WATCH — Will these Calgary kids win big for Canada in Silicon Valley?
Cloud9 helps kids with social anxiety
UPDATE: Canada's Team Robot Unicorns tied for third place alongside Nigeria, Bolivia and the U.S. at the 2019 Technovation World Pitch. India came in first place and Cambodia came in second.
Imagine developing a mobile app for kids and then presenting it on the world stage at a competition in the tech capital of the U.S., Silicon Valley in California.
That’s exactly what happened to Tito Akinlosotu, Claire Palmer, Sarah Jacobson and Emma Cutler.
Together, the four 11-year-old girls who make up Team Robot Unicorns, won the Technovation junior regional competition in Calgary on May 6, 2019.
This week, they’re in California at the Technovation world finals, presenting their project and hoping to take home the top prize.
Robot Unicorns are from left, Tito Akinlosotu, Emma Cutler, Claire Palmer and Sarah Jacobson. The team developed a mobile app called Cloud9 that won the Technovation regional junior division competition in Calgary. (Submitted by Erin Guiltenane)
“When we were told we were going to Silicon Valley for the world pitch, it was like an explosion went off,” Claire said.
“I was standing there like, really? Really? Then when I actually realized, I started screaming … I was like oh my God, we're going to California!”
Robot Unicorns is the only team from Canada invited to compete in Technovation’s World Pitch.
How it started
It all started when Tito decided to form a group and enter the local Technovation competition, the world’s biggest tech competition for girls.
The program aims to inspire girls to change the world through technology, according to the University of Calgary Faculty of Science website.
Every year, Technovation challenges girls between the ages of 10 and 18 to build a mobile app to address a community issue.
Robot Unicorns’ app Cloud9 helps kids with social anxiety.
The girls from Robot Unicorns chose to develop an app that deals with social anxiety because it's something they've experienced first-hand. (Robot Unicorns)
“We were looking up problems specifically to do with children and young women and one of the biggest ones that popped up was social anxiety in children so we decided to do that,” Claire told CBC Kids News from her home in Calgary before leaving for California.
“We’ve seen how social anxiety can affect people straight on so we realized it would be the kind of thing people would feel connected to,” Tito said.
How does it work?
Cloud9 works in three stages.
Once you log in, you are greeted by a golden retriever named Charlie.
Stage 1 of Cloud9, hosted by a golden retriever named Charlie, gives users an opportunity to share their feelings. (Robot Unicorns)
“In the first stage, you journal whatever you want to say to this little character,” Claire said.
“We found that journaling is not only good for people with social anxiety and depression, but also enjoyable for people because they can say whatever they need to get it off their mind,” Tito said.
Next, a therapist appears with a series of questions to help with your anxiety.
In stage 2 of Cloud9, a therapist asks users a series of questions about their anxiety, then offers advice and goals based on their answers. (Robot Unicorns)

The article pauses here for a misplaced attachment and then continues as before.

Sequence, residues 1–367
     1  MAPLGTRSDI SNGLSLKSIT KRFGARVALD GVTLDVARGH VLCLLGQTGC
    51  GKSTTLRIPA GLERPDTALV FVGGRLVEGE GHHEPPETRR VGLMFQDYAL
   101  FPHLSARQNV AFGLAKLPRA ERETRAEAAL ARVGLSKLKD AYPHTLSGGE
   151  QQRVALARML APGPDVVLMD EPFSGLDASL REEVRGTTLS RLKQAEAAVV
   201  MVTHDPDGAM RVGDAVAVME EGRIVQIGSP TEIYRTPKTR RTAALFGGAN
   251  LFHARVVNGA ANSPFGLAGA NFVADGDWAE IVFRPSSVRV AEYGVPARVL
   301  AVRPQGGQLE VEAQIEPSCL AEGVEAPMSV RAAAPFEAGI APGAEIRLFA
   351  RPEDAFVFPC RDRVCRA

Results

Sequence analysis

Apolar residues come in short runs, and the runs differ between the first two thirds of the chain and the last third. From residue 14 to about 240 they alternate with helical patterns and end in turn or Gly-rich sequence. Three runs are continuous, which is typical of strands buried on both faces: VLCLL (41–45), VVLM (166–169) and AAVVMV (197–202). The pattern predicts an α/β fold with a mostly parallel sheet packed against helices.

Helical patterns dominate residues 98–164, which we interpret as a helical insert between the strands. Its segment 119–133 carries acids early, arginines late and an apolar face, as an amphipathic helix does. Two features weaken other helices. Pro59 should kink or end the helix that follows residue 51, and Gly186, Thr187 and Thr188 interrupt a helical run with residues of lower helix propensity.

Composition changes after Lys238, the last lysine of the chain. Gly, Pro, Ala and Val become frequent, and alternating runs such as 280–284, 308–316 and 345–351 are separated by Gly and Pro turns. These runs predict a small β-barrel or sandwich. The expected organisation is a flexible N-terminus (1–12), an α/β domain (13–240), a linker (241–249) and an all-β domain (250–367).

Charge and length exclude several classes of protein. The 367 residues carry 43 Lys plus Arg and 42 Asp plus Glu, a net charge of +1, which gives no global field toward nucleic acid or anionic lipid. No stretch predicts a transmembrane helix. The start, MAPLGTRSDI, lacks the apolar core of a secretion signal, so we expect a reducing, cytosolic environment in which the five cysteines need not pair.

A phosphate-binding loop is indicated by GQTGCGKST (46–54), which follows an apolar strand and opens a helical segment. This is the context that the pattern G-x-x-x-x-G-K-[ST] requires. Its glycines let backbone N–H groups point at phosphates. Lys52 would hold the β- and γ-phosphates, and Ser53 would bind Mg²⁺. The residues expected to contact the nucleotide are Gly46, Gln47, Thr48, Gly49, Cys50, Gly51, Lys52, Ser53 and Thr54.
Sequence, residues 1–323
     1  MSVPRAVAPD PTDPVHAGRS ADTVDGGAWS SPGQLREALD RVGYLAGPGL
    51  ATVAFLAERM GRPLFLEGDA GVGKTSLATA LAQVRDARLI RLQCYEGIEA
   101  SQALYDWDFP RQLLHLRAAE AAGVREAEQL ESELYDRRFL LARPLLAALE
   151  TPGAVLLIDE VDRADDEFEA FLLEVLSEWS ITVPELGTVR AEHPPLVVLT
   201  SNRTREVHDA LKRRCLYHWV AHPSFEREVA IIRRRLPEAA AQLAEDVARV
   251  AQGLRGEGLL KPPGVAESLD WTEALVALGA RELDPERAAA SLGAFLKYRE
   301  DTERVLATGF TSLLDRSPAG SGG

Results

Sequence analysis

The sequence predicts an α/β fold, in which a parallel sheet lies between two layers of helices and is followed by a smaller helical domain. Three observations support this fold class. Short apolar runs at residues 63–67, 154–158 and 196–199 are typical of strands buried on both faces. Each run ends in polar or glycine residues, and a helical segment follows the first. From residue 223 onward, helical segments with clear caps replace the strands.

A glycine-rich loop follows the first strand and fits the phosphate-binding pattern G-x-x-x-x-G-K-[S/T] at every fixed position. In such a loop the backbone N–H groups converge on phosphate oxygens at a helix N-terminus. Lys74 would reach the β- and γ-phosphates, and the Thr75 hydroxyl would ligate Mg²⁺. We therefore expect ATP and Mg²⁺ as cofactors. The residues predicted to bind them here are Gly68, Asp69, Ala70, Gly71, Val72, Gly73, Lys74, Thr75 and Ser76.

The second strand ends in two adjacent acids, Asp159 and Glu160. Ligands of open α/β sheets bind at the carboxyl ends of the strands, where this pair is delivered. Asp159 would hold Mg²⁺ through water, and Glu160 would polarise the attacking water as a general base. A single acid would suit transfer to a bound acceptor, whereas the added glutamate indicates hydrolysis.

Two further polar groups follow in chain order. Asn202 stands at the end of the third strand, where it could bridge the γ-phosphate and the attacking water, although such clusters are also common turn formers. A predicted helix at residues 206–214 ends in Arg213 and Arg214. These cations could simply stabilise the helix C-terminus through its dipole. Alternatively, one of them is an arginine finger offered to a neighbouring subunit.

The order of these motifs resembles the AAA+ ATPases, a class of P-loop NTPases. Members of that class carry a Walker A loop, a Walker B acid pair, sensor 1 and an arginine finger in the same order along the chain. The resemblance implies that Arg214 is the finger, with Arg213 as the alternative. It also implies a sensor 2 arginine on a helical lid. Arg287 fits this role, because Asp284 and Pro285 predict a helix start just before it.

“You can take the quiz and sometimes if your anxiety is really high, it will suggest that you see a doctor or tell your parents about it. But if it’s really low, it will give you small goals, like make a new friend in class or say hi to someone new,” Tito said.
The final stage of Cloud9 is a resource hub that offers links, articles and stories from kids who have experienced social anxiety.
Stage 3 of Cloud9 is a resource hub that offers suggestions and assistance for social anxiety. (Robot Unicorns
“In Grade 4 and 5, I had very minor social anxiety,” said Claire.
“I just felt like I wasn’t good enough to any of my friends. I think an app like this would have helped me back then.”
Claire, left, and Sarah present their Cloud9 pitch on stage at the Technovation competition in Calgary. (Submitted by Colleen De Neve)
At the recent Calgary junior regional finals, the girls were confident and uncertain at the same time.
“We were the underdogs, so we didn’t think we were going to get very far,” Claire said
“I remember that feeling when one of the teams that we thought [was] our biggest competition got third place,” Tito said.
Tito, left, and Emma pitch Cloud9 on stage at the Technovation competition in Calgary. (Submitted by Colleen De Neve)
“We were like, either we didn’t place or we got first place and then they said our name and we like freaked out and ran to the stage. We all started screaming.”
Emma, Claire, Tito and Sarah accept their award from faculty at the University of Calgary on May 6, 2019. (Submitted by Colleen De Neve)
The world pitch
Robot Unicorns are in the top six out of 150 teams from around the world participating in the international competition.
In Silicon Valley, they are competing against teams from Nigeria, Cambodia, India, Bolivia and the U.S.
“If we win this competition, we are going to try and use the publicity to help find more funding and if we don’t win, we are still going to try and launch the app,” Tito said.
“We are thinking in the first year, there is a certain amount of money we are going to need, so we’re trying to figure out how we can find the funding and people to sponsor us.”
Kids Help Phone is one sponsor that has already offered to promote Cloud9 on its social media platforms.
“We are excited to introduce it to the world!” Claire said.